Employee assistance programs (EAPs) are a great way for employers to provide their employees with a wide range of benefits to address circumstances that could otherwise adversely affect their work and health. Benefits may include referral and counseling services for short-term substance use disorders or mental health, as well as financial counseling and legal services. EAPs are generally available free of charge to employees and are often provided through third-party vendors. But is employee assistance program a taxable benefit? The taxation of EAPs in the U.
S. is an area where there's alarmingly little guidance, and the wide variety of benefits and program structures makes it a difficult area to address. In general, the topic of taxation is simply avoided altogether. There are two main ways to justify this approach.
First, the employer can treat the EAP as a health plan. However, this approach is incompatible with the dissociation of EAP from health benefits. Once the EAP is disassociated from the health plan, the employer can look beyond the costs of health insurance, which are too vulnerable to the market, and to regulatory pressures, to provide a good measure of the effectiveness of the EAP. The return on investment of the EAP is the contribution to the human capital of organizations. Unfortunately, long-term results can be difficult to isolate and short-term measurement presents challenges. The impact on absenteeism and retention will be easier to measure than the impact on presenteeism, individual performance, improved conflict resolution and organizational structure.
Another area that could be measured is safety at work. When developing tools for estimating and evaluating return on investment, integration and coordination between other human resource functions should be considered. In organizations without a strong EAP, human resources staff serve as unofficial EAP resources for employees facing life situations or crises. When developing an EAP program, those functions should be evaluated to clearly determine and define the limits and functions of the EAP, avoid duplication, and be integrated with the organization's objectives. The clear definition of the structure presents opportunities for risk mitigation and profitable operations by creating structural boundaries between assistance and discipline. To make sure you're organized year-round, it's important to define what's taxable and what's not taxable when it comes to employee assistance programs. Medical coverage, employee assistance programs (EAP) and dental coverage are examples of non-taxable benefits.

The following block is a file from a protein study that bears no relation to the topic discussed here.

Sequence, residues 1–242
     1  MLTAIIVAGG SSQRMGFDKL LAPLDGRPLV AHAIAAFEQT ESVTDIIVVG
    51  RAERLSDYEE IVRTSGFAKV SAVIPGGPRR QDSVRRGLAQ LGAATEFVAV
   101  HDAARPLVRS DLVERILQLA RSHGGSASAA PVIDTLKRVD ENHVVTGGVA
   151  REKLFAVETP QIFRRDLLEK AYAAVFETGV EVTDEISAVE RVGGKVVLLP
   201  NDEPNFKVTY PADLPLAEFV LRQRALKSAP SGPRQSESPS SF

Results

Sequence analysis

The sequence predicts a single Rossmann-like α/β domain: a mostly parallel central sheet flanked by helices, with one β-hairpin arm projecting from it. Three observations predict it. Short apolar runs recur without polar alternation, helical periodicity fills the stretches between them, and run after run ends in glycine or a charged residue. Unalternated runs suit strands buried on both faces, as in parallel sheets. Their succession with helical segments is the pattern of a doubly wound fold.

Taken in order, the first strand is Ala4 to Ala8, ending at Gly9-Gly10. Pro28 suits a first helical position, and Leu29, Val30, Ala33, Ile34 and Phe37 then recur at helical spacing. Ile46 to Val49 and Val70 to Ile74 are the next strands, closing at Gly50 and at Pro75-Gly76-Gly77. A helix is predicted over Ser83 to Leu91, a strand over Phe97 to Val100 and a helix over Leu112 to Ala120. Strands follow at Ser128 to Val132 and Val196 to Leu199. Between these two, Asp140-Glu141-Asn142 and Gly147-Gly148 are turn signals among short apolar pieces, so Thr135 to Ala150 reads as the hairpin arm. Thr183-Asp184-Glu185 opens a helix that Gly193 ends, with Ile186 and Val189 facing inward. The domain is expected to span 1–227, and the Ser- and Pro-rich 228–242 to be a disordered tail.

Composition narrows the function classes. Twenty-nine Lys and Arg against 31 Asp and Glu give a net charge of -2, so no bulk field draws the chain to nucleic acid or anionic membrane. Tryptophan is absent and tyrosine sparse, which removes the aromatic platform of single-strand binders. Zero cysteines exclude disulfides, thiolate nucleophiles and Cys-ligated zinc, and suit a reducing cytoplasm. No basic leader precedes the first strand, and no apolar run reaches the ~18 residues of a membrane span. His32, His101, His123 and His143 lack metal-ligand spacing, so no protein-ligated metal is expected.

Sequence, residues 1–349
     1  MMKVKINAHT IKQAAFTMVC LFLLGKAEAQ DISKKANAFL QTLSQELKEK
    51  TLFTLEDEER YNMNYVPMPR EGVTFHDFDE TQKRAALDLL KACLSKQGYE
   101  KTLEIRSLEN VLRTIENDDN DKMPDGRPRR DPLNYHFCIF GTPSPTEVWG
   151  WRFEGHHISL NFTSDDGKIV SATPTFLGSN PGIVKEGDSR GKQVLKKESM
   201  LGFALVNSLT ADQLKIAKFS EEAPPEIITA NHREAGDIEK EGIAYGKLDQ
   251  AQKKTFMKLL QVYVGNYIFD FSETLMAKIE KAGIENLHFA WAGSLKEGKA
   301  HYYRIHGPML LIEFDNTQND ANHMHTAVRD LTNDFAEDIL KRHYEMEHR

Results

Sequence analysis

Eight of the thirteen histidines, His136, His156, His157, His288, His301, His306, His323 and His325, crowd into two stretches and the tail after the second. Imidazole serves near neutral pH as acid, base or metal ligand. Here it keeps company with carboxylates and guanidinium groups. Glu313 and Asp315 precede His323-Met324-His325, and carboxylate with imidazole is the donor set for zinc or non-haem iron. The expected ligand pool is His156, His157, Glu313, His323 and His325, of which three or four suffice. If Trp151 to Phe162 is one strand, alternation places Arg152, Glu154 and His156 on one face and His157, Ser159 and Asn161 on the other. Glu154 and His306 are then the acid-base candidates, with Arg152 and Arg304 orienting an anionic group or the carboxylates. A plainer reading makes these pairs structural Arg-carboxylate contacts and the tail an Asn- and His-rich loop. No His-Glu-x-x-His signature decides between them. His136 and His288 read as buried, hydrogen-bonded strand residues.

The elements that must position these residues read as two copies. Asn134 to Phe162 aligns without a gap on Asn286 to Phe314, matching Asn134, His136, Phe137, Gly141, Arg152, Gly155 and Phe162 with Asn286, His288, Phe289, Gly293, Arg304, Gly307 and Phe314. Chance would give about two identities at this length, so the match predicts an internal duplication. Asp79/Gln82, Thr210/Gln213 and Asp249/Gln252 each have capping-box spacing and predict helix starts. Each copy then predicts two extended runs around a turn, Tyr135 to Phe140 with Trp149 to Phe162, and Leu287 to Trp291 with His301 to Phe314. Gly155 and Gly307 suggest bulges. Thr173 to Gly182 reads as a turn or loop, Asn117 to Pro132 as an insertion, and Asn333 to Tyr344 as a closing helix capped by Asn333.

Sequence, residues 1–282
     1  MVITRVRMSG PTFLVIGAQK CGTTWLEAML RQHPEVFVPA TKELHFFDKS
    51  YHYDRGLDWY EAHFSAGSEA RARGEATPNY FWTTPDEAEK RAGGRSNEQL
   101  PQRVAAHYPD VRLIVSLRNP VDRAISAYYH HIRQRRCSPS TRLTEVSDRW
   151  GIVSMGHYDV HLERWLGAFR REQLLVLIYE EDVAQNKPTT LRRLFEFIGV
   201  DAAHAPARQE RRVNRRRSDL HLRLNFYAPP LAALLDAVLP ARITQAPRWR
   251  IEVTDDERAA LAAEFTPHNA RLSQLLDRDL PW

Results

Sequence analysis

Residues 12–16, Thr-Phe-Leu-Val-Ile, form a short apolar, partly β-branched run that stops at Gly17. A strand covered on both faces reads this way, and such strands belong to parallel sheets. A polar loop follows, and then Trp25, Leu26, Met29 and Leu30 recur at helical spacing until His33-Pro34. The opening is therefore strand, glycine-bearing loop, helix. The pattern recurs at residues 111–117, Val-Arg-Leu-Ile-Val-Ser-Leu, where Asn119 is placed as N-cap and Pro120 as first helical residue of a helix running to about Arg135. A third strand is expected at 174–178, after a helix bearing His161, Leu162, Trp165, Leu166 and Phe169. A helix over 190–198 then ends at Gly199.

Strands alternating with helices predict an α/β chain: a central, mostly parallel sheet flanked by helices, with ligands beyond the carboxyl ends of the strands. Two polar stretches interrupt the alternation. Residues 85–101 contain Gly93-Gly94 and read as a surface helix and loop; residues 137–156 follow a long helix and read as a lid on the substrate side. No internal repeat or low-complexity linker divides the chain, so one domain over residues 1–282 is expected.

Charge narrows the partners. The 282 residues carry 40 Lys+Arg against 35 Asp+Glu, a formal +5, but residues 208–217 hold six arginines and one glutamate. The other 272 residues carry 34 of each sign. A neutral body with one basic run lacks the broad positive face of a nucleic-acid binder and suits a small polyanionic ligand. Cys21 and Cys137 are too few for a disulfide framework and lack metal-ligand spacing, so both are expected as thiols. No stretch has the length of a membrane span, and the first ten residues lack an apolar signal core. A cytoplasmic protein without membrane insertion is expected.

The employer, therefore, can choose which employees it wants to reimburse, including highly paid employees. In addition to scholarships and grants, another known method for providing educational opportunities to employees is the assistance program under section 127. This type of qualified relief payment could include payments made by an employer to an employee for medical and health expenses: expenses related to COVID-19, additional expenses related to child care and home education as a result of school closures, expenses incurred due to quarantine enforcement and funeral expenses for an employee or family member who dies from COVID-19 due to the perception of public oversight. To sum up, employee assistance programs (EAPs) are generally fully deductible for tax purposes. This includes the expenses you pay to set up and manage the program and the contributions you make to employee accounts.
Every year, organizations submit their business expenses to the CRA to pay their taxes; however, group health benefits have complicated stipulations about what is considered a subject or non-taxable benefit. EAPs take a variety of forms and may include counseling programs related to substance abuse, family problems, and other similar issues that adversely affect employee productivity. On the other hand, EAPs are designed to provide support to employees dealing with life events that would be considered occasional, so even if the program is consistently available, the benefit itself isn't. In conclusion, employee assistance programs are not taxable benefits as long as they are structured properly according to IRS regulations.
Employers should work closely with their EAP providers in order to determine how return on investment will be measured in advance in order to maximize their effectiveness.